How does rising atmospheric CO2 affect marine organisms?

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Drilling for Oil, Finding Corals
Bell, N. and Smith, J.  1999.  Coral growing on North Sea oil rigs.  Nature 402: 601.

What was done
The authors report that an endangered cold-water coral has been found growing on oil platforms in the North Sea; and they discuss the significance of this finding.

What was learned
The cold-water coral Lophelia pertusa is listed under the Convention on International Trade in Endangered Species and is supposedly susceptible to disturbance from increased sedimentation and from the toxicological effects of drilling discharges (Rogers, 1999).  However, during the summer of 1999 it was found growing on oil rigs in the North Sea - where it has never before been observed - and where it is exposed to "operational discharges, such as oily water, drilling muds and chemicals, and contaminants that may leak from the cuttings piles."  In addition, the coral colonies exhibited growth rates that were greater than what was previously believed possible; and they did so in waters that were sometimes warmer than what was previously believed to be their upper thermal limit.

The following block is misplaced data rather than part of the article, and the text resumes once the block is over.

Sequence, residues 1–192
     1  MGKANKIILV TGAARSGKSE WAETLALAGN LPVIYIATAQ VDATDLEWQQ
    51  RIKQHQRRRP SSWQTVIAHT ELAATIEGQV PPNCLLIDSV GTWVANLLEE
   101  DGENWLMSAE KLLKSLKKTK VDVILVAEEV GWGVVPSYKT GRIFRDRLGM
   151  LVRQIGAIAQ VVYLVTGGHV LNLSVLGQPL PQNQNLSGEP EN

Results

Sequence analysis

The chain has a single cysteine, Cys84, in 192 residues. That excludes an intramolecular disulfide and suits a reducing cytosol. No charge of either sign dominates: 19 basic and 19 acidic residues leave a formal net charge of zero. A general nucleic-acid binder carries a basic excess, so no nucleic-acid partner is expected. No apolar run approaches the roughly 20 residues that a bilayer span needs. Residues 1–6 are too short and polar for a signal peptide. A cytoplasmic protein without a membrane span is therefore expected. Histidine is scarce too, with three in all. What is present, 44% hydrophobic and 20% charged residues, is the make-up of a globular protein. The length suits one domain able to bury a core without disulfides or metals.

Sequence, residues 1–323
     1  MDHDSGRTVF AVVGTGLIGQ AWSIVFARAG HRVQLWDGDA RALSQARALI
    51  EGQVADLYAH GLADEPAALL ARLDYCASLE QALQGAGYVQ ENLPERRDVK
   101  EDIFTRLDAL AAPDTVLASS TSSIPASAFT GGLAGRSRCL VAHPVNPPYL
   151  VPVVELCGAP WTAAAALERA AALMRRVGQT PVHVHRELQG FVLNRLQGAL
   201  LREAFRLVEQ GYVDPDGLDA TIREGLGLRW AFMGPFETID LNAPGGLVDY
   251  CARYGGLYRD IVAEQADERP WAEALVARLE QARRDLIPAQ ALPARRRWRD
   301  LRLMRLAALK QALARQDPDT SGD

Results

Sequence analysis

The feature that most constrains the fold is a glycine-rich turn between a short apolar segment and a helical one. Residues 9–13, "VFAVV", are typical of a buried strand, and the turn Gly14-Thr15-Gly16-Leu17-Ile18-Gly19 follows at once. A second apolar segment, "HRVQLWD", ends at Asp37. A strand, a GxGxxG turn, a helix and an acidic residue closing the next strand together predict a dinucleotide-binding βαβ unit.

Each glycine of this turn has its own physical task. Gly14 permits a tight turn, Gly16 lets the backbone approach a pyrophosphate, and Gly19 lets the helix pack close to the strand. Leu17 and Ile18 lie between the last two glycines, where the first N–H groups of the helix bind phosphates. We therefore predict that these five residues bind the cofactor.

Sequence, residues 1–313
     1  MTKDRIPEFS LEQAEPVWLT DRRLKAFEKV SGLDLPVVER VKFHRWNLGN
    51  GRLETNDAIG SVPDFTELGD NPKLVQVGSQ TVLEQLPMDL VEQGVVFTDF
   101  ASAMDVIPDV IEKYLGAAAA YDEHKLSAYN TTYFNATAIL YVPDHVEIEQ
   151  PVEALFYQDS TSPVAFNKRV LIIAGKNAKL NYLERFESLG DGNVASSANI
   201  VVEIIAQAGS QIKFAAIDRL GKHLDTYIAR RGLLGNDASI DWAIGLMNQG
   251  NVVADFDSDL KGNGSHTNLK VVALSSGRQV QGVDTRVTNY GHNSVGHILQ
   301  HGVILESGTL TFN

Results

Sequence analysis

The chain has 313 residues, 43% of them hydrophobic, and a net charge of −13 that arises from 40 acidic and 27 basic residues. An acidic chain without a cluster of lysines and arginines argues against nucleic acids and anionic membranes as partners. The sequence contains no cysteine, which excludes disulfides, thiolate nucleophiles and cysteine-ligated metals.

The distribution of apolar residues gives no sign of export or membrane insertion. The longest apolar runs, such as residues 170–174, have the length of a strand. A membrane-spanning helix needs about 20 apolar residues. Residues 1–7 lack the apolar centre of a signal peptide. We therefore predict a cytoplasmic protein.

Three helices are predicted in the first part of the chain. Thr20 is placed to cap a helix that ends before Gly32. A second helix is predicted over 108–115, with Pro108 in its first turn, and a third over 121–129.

What it means
Two possibilities come to mind.  Some corals - even those we call endangered - are much more resilient than we have previously believed.  Or, there has been some change in the environment that is enabling corals to overcome what formerly would have been insurmountable challenges to their existence.

Rogers, A.D.  1999.  The biology of Lophelia pertusa (Linnaeus 1758) and other deep-water reef-forming corals and impacts from human activities.  International Review of Hydrobiology 84: 315-406.

Reviewed 1 June 2000